NOTE: I don't post to this blog super-duper often anymore, because I'm busy writing, well, books. (Read more about that here.) For more up-to-date, day-to-day ramblings, visit my Facebook page.

Friday, December 27, 2013

Fun Holiday Friday: Eartha Sings "Santa Baby"

You've probably heard this song before, but the original version isn't played as often as it should. No one gives it just the right blend of naughtiness and musicality as the peerless Eartha Kitt, who recorded it in 1954. As lovely as his voice is, what is Michael Bublé trying to prove by messing with the lyrics and addressing Santa as "buddy"? And don't even talk to me about Madonna's version, sung in an over-the-top Brooklyn slut-ese.

Why mess with perfection? Eartha's version is a little bit naughty, silky smooth, and 100 percent hers. Too bad this video doesn't show the fabulous Miss Kitt herself, but the voice is all you really need.




Every Friday this month I've brought you a memorable Christmas song. Click here to read the whole series.

Friday, December 20, 2013

Fun Holiday Friday: Ashley Davis

This beautiful, haunting carol has no better interpreter than Ashley Davis. She's a Kansas musician who studied in Ireland to perfect her songwriting and vocals, which honor Celtic and other folk traditions. You can learn more about Ashley here, and download the album The Celtic Winter here. All her albums are marvelous.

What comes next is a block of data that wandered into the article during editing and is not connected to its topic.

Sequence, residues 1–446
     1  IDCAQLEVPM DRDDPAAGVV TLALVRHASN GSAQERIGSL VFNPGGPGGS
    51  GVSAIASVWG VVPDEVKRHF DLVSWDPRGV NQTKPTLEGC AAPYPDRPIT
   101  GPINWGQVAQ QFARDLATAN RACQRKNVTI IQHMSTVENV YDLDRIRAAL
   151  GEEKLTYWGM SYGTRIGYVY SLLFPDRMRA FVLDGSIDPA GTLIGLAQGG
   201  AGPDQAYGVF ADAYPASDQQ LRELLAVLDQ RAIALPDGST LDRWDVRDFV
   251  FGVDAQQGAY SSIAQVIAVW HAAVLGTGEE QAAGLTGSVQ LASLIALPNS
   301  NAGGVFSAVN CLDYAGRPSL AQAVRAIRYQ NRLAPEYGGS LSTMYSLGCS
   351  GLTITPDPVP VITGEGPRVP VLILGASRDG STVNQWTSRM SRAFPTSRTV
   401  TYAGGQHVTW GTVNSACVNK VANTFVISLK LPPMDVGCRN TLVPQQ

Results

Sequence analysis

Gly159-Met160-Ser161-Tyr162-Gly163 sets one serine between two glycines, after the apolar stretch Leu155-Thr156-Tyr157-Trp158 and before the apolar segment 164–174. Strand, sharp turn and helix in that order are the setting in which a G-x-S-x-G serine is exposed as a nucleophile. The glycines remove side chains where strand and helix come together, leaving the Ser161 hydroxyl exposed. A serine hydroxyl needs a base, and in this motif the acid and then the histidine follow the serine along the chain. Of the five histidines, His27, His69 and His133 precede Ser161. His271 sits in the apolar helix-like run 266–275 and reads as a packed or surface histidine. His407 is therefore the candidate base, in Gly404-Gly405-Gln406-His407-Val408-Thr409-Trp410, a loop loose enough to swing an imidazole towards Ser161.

The carol itself is a 17th-century English song. I love the melodic line and the juxtaposition of major and minor chords. Ashley's rendition perfectly captures the calm, cold spell that winter casts.



I'm bringing you a new carol each Friday in December. Click here to see the whole series, or search for the tag Fun Holiday Friday.

Friday, December 13, 2013

Fun Holiday Friday: Tim Minchin

I may get a lot of flak for this because I'm supposed to be offering Christmas cheer every Friday, and this song seems at face value to trash the holiday.

But it really doesn't.

The thing is, whatever you may believe about the veracity of the Christmas story, there's no denying that the holiday has turned into a big commercial monster that starts eating its weight in tinsel on Thanksgiving evening and doesn't stop until it's burped its last on December 26. And that's after it's already dined on the post-Halloween appetizers, because that's when the Christmas trees pop up in our Kansas City-area stores.